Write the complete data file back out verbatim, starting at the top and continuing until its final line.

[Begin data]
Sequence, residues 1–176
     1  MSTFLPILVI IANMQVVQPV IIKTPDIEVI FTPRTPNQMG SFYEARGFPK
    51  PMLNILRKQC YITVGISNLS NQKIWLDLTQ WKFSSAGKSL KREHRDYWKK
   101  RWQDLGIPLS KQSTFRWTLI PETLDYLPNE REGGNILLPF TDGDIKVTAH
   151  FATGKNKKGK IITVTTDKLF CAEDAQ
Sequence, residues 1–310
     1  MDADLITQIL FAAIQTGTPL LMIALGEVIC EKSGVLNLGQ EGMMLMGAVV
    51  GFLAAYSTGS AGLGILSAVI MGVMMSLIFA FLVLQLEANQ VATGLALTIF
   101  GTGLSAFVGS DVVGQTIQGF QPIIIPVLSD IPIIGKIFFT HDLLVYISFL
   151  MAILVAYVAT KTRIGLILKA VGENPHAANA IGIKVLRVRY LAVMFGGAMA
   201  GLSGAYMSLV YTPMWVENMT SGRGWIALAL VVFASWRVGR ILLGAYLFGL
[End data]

Sequence, residues 1–176
     1  MSTFLPILVI IANMQVVQPV IIKTPDIEVI FTPRTPNQMG SFYEARGFPK
    51  PMLNILRKQC YITVGISNLS NQKIWLDLTQ WKFSSAGKSL KREHRDYWKK
   101  RWQDLGIPLS KQSTFRWTLI PETLDYLPNE REGGNILLPF TDGDIKVTAH
   151  FATGKNKKGK IITVTTDKLF CAEDAQ
Sequence, residues 1–310
     1  MDADLITQIL FAAIQTGTPL LMIALGEVIC EKSGVLNLGQ EGMMLMGAVV
    51  GFLAAYSTGS AGLGILSAVI MGVMMSLIFA FLVLQLEANQ VATGLALTIF
   101  GTGLSAFVGS DVVGQTIQGF QPIIIPVLSD IPIIGKIFFT HDLLVYISFL
   151  MAILVAYVAT KTRIGLILKA VGENPHAANA IGIKVLRVRY LAVMFGGAMA
   201  GLSGAYMSLV YTPMWVENMT SGRGWIALAL VVFASWRVGR ILLGAYLFGL